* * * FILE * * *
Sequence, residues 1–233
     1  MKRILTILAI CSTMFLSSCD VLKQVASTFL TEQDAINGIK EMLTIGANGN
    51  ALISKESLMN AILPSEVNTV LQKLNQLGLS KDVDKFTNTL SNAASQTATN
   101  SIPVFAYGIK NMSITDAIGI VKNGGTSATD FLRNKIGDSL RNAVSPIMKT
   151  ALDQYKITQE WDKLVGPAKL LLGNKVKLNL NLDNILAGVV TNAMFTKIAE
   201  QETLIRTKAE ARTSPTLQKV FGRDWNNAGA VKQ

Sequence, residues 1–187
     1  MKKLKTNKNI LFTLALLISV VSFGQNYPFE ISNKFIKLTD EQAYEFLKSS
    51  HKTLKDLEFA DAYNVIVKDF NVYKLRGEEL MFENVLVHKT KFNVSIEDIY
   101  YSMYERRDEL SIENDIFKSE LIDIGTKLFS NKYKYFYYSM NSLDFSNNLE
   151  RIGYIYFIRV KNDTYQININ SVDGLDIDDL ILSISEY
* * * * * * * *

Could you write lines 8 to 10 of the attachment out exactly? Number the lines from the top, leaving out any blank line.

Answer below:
     1  MKKLKTNKNI LFTLALLISV VSFGQNYPFE ISNKFIKLTD EQAYEFLKSS
    51  HKTLKDLEFA DAYNVIVKDF NVYKLRGEEL MFENVLVHKT KFNVSIEDIY
   101  YSMYERRDEL SIENDIFKSE LIDIGTKLFS NKYKYFYYSM NSLDFSNNLE